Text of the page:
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Is your woodstove safe?

More than two years ago I posted a story about safe practices with a woodstove.  I said, “In addition to having a clean ‘exhaust system’ for your woodstove, it is a good idea to monitor the temperature of your stovepipe“.

I clean the chimney in our log home myself.  I have the flexible poles that screw together and the wire brush that attaches to the end.  Having a metal chimney with round pipe, it is relatively easy to clean – but literally a ‘dirty job’ and my wife refuses to do it (imagine that). 

Anyway, at the end of last season’s annual chimney cleaning session, I made a mental note to remember to clean the flue sometime during mid season.  I thought this would be a good idea due to the amount of creosote and ask that had formed in my pipes.

If you have a straight chimney where the stack goes from the stove through the roof, you are less likely to build up as much creosote as you do when bends are part of the system.  In my case, I have two 90 degree bends in the flue as pictured.  This is not an optimal design as this tends to disturb and restrict the flow of air and thus builds up creosote much faster.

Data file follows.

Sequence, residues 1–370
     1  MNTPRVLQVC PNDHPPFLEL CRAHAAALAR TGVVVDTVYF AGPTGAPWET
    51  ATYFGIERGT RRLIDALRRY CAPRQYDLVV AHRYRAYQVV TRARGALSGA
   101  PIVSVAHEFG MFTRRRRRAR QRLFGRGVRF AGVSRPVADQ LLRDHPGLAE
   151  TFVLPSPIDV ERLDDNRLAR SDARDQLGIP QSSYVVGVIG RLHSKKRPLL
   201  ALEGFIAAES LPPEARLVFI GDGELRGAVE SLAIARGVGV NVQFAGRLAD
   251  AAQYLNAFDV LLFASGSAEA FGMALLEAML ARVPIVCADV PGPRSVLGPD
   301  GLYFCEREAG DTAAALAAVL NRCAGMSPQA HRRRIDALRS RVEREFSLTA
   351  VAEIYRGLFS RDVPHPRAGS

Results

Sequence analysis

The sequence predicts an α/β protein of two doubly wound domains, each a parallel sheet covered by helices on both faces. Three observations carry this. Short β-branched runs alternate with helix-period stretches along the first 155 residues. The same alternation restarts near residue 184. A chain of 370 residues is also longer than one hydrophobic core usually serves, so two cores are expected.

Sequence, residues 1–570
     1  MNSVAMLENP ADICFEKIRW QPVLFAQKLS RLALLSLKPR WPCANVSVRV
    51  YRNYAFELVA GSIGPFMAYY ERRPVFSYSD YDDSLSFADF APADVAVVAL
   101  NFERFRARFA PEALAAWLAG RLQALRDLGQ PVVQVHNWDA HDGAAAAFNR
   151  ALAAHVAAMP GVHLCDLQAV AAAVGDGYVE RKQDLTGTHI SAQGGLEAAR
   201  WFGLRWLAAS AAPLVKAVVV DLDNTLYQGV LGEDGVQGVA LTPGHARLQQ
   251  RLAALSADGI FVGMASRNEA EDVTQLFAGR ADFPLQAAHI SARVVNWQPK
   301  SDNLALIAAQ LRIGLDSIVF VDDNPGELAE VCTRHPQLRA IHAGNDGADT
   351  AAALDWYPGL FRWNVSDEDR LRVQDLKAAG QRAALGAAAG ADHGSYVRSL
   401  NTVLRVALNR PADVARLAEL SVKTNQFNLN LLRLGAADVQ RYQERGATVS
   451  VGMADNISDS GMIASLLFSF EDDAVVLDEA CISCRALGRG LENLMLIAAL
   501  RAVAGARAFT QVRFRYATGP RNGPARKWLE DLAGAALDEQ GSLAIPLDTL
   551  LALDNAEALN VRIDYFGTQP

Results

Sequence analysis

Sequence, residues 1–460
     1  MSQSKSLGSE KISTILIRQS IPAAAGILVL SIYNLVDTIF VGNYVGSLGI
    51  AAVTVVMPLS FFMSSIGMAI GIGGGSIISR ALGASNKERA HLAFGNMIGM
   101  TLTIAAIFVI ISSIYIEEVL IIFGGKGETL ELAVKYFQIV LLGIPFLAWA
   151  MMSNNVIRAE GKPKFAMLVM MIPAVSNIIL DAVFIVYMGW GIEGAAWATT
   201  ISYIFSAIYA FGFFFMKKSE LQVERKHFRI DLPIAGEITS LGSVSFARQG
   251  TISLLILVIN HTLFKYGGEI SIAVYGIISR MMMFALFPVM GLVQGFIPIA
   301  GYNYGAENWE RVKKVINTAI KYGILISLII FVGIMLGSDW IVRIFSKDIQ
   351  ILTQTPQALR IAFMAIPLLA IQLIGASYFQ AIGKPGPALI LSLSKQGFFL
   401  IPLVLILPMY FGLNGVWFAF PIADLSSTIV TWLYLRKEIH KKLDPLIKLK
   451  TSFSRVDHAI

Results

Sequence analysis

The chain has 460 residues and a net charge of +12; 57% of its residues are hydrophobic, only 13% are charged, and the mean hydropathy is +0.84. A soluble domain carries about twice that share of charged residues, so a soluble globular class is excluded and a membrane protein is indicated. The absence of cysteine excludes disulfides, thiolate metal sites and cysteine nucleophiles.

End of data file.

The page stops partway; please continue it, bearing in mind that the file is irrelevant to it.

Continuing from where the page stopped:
Although it was only 9 degrees, this morning was the time I set aside to let the fire die down, the stove cool and tear into the stovepipe for a cleaning.  Fortunately, this process doesn’t take long and we had a new fire in the box in less than an hour.

What was remarkable was that from October through January, we already had almost 1″ of creosote build-up to brush out.  Professionals I have spoken with tell me that this can be reduced by building a hot fire every morning and letting that help to clean the flue.  I don’t know if this is true, but when you burn a stove 24×7 through the winter months you never have a cold stove in which to start a new ‘hot’ fire.  I believe this build-up is a result of the 90 degree bends in my pipe.

Lesson learned…

The interesting thing that struck me after relighting our first fire today was the difference in temperature being indicated on the stovepipe gauge.  It seems that 1″ of creosote insulation was giving us a false sense of security.  After the stove was hot and we had a ‘normal’ fire burning, the temp guage was showing the pipe to be much hotter than I’d seen in many months.  

If you monitor your stove’s temperature (and you should), a dirty flue will not be giving you a true reading on what’s going on in there.  You could be burning fires too hot for safe practices and not even know it.  If you have a setup like mine and use that stove often, you may want to consider a mid-season cleaning.

PS:  If you haven’t already seen it, check out my Ultimate Indoor Firewood Rack!

2 comments to Is your woodstove safe?

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  • Mary Beth

    That is excellent advice. We have a similar setup with our stove and the idea of a mid season cleaning never dawned on me. Thanks.